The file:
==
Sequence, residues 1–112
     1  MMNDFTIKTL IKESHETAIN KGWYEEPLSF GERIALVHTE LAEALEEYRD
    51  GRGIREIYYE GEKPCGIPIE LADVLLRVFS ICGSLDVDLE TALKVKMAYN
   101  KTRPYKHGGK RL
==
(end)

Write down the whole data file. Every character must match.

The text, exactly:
Sequence, residues 1–112
     1  MMNDFTIKTL IKESHETAIN KGWYEEPLSF GERIALVHTE LAEALEEYRD
    51  GRGIREIYYE GEKPCGIPIE LADVLLRVFS ICGSLDVDLE TALKVKMAYN
   101  KTRPYKHGGK RL